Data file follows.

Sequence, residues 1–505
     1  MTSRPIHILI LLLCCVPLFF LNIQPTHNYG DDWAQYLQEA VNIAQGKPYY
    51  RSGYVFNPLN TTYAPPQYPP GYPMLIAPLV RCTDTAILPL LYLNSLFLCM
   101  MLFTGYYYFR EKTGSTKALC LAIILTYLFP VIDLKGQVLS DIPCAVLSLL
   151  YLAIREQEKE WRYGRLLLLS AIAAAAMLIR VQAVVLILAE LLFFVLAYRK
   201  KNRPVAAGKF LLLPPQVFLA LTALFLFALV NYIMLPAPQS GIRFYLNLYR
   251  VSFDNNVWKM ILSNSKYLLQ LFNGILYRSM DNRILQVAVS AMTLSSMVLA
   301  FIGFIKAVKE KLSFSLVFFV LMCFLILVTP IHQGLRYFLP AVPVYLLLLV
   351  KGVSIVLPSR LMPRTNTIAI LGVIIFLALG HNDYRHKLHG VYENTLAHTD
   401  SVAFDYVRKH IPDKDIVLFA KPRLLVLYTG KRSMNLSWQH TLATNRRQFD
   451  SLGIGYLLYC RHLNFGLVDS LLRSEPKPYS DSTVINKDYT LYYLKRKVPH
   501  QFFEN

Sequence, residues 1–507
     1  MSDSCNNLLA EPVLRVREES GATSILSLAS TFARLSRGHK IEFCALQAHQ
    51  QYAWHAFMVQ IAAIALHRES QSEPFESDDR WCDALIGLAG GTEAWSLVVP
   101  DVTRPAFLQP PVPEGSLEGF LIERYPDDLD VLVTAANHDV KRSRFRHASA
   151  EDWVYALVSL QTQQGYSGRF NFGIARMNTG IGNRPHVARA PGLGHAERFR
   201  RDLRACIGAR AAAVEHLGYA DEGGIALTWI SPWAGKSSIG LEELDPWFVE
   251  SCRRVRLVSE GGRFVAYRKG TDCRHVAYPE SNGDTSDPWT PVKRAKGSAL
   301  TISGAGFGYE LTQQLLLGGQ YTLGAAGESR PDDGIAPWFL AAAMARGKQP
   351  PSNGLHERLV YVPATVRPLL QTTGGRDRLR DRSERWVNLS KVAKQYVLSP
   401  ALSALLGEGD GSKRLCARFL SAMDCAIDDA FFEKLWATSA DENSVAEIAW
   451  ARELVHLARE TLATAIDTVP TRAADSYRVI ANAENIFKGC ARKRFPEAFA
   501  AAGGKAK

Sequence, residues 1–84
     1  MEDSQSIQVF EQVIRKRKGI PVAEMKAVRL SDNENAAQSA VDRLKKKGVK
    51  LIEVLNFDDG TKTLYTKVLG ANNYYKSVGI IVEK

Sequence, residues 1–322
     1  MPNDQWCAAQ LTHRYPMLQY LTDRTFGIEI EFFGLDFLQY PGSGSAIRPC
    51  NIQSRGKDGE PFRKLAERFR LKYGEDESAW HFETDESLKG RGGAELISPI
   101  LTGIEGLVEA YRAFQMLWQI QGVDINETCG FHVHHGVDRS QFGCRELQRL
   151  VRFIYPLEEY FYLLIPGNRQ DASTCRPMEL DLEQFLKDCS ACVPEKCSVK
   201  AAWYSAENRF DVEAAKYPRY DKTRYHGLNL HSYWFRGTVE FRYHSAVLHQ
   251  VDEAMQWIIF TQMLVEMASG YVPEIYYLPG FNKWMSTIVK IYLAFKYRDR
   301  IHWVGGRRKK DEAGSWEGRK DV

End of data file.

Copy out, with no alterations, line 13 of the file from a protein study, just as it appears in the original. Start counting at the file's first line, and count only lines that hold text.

Sequence, residues 1–507